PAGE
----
On the other hand, the idea that we all live in others and are interconnected in time and space is an obsession common to Borges’ vision of the world, and is the fundamental motive of the “Invocation of Joyce”, included in it. poetry. In this composition, Borges begins by referring to his avant-garde past:

Down the vast slopes of the night

that adjoins the dawn,

We searched (I still remember) for the words

of the moon, of death, of the morning

and the other spheres of man.

We were imagism, cubism,

that gullible universities revere.

We invented the lack of punctuation

the omission of capital letters,

dove-shaped stanzas

of the librarians of Alexandria.

And as a counterpoint to the conventions and empty fashions and style exercises of the first decades of the 20th century, Borges will propose the integrity of the exiled Joyce, a fabulator of other worlds that are in this one:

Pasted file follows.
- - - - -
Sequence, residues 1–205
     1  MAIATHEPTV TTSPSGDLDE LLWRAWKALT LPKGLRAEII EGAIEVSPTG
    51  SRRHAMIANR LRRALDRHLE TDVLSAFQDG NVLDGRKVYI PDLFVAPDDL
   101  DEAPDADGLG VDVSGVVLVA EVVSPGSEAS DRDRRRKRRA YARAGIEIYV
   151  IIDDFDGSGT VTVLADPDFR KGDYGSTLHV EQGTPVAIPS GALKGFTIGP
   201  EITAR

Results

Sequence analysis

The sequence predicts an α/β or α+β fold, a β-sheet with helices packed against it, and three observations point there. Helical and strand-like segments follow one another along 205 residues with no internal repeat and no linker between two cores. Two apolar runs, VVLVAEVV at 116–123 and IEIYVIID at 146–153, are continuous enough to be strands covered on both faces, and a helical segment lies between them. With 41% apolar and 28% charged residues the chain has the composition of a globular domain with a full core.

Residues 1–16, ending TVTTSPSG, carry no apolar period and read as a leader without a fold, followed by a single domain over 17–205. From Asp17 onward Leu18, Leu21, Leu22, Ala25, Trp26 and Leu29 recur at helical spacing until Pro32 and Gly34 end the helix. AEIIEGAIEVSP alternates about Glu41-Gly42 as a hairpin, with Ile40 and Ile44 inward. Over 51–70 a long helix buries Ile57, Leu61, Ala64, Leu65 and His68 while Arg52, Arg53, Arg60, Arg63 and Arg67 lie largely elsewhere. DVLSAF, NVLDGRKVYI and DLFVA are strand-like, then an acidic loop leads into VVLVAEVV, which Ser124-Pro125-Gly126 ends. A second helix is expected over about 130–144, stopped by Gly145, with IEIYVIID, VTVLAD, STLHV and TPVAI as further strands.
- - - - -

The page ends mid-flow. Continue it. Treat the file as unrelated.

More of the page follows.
You, meanwhile, forged

in the cities of exile,

in that exile that was

your hated and chosen instrument,

the weapon of your art,

you erected your arduous labyrinths

infinitesimals and infinitesimals

more populous than history.

The end of the poem is a fervent praise and apology for the Irishman. Joyce is the climax, the sublimation of the challenge by the search for language:

What does our cowardice matter if there is on earth

one brave man

What does sadness matter if there was in time

someone who said he was happy

What does my lost generation matter?

that vague mirror,

if your books justify it.

I am the others. I am all those

that has rescued your obstinate rigor.

I am the ones you don’t know and the ones you save.

here is Borges that he recognized that Joyce “knew all languages ​​and wrote in a language invented by him, a language that is hardly understandable, but distinguished by strange music. Joyce brought a new music to English. is the Borges what do you think that “Ulises by James Joyce is the most complete illustration of an autonomous orb of corroborations, omens, and monuments. A dizzying novel.” It is, in short, the Borges that Borges and Joyce were, secretly. And maybe vice versa.

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James Joyce according to Borges